As an intimate act of personal archaeology, career counselling excavates the psychological, social, and cultural past of an individual so as to inductively understand the present. Then, on the basis of this knowledge, the counsellor and client cast their psychological eyes into the future so as to imaginatively co-construct a story that may, or may not, generate active engagement in the world of work. This creative process of being and becoming can be traced to the philosophical treatises of Kierkegaard, Hume, James, and Nietzsche.
Can career counselling be a solution to Kierkegaard’s (1843/1967) problem of living life forward by knowing it backward? It can be; but, only if, paradoxically, one bravely accepts that this putative knowledge of the future that is inductively created on the basis of the past is little more than emotive guesswork, if not a folly that should be tentatively grasped with fingers crossed behind one’s back, hoping that one’s predictions may come true.
It was David Hume (1748/2007) who challenged induction as a way of knowing the future. Hume suggested that humans believe in their predictions as result of intrinsic psychological architecture. Humans are inherently disposed toward committing the logical fallacy of post hoc ergo propter hoc or cum hoc ergo propter hoc (i.e., after this therefore because of this; with this therefore because of this). In other words, that B followed A, is no reason to believe A caused B; and, that A and B occur simultaneously is no reason to draw a causal relationship between the two.
William James (1890/1952) deepened this idea in his argument that humans experience time because they experience thinking, metaphorically, like the flowing of a stream. Furthermore, James argued that consciousness of series (e.g., one event following another after another, and so on) is the source of rational thinking. Humans are not only psychologically capable of discerning series; they aim to do so in order to make sense of events they observe. Storying relies on this sense of time and inductive thinking so as to create connections between one moment in life and the next, ad infinitum.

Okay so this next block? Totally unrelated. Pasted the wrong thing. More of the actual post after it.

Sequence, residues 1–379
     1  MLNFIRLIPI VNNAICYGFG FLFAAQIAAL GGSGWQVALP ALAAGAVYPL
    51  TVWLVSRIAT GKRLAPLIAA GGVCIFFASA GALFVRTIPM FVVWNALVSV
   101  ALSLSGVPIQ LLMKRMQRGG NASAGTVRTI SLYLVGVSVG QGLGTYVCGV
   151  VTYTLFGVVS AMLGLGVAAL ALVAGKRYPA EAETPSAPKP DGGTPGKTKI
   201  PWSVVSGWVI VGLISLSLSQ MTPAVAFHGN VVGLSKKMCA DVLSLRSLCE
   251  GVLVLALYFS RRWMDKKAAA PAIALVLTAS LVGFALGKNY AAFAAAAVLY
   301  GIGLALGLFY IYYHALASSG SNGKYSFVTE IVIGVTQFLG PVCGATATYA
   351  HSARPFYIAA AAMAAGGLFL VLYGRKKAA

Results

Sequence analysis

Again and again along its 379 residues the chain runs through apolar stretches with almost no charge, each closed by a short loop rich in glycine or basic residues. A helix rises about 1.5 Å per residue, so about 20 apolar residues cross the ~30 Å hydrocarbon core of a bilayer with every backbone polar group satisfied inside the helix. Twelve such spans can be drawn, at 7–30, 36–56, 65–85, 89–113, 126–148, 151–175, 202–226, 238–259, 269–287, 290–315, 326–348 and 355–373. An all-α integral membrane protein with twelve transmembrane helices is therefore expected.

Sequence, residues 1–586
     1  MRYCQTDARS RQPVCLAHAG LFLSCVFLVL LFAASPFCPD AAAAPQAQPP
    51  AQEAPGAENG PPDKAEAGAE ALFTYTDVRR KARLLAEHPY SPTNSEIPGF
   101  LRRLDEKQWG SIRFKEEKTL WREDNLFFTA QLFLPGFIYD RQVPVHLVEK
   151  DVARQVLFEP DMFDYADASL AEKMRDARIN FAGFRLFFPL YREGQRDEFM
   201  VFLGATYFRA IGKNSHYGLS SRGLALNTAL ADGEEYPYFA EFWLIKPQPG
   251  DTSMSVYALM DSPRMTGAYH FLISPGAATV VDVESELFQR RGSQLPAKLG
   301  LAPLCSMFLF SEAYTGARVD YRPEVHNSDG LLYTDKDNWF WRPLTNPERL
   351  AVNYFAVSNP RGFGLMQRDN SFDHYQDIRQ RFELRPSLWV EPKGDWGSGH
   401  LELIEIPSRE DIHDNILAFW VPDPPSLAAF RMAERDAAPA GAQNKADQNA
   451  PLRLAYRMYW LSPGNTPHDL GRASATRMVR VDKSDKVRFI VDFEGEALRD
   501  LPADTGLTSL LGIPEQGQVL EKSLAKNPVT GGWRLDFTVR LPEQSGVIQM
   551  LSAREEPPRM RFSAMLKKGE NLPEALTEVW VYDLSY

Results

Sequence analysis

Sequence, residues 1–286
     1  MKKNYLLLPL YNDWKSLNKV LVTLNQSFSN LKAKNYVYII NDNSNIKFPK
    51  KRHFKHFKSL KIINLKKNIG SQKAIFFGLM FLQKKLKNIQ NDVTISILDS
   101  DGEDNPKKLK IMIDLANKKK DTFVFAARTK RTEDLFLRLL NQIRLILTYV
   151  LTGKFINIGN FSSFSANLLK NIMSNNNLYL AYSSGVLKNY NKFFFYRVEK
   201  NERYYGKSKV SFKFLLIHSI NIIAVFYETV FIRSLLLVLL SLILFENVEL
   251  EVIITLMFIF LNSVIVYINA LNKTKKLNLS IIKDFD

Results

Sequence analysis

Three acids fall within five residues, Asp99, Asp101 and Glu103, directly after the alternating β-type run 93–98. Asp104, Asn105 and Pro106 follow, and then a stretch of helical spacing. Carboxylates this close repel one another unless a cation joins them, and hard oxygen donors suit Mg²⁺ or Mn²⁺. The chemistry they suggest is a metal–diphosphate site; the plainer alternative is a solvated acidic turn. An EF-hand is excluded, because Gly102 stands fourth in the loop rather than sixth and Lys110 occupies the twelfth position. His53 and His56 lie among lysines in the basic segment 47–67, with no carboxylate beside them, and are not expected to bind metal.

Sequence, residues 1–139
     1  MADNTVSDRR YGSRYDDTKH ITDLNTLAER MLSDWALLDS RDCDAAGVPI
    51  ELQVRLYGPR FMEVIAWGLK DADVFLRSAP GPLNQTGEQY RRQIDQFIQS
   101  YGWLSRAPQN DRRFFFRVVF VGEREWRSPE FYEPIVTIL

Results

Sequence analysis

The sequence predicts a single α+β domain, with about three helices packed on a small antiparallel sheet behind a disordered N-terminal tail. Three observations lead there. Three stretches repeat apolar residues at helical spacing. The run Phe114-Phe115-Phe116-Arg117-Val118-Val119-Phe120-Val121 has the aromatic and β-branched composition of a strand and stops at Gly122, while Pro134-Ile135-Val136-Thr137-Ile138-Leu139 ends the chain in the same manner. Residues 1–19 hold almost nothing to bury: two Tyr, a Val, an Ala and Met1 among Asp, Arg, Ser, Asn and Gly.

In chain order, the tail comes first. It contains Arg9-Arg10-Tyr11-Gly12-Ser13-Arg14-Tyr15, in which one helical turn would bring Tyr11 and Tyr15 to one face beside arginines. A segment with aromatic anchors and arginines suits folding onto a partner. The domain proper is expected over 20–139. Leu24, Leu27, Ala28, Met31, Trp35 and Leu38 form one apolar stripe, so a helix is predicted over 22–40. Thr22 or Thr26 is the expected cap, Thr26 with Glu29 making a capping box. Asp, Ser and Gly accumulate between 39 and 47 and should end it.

Notwithstanding the flaw of inductive thinking, it is in existential torment that one must carry on with life, believing, and hoping, that the future can be known, albeit a fiction that is composed as an open-ended story that seems to contiguously follow on from the previous chapter of a life (i.e., post hoc ergo propter hoc). This fiction is exactly what people construct in order to make sense of their past and current phenomenal world, and it is this fictional existence that permits the activity of narrative career counselling as a way of knowing. In this way, counselling produces therapeutic truth—a benign white lie with generative intent. Accordingly, career counselling, especially narrative career counselling because it is the most doubtable form of personal knowing toward the creation of personal truths, has no more compelling a purchase on creating personal truths than psychoanalysis, which is a most exquisite form of personal archaeology.
I use pragmatism (James, 1907/2000) as an epistemology of personal truth, that which I call “pragmatic ideographic truth”. That career counselling depends so much on the psychological archaeology of a client’s past to construct an imagined future is evidence of its inductive logic and, therefore, its inherent flaws as per Hume’s problem of induction. James, like his great scientific contemporary, the legendary psychological archaeologist, Sigmund Freud, believed that the past has an enduring effect on the present of a person by way of habit.
We are spinning our own fates, good or evil, and never to be undone. Every smallest stroke of virtue or of vice leaves its never so little scar. … Nothing we ever do is, in strict scientific literalness, wiped out (James, 1890/1952, p. 83).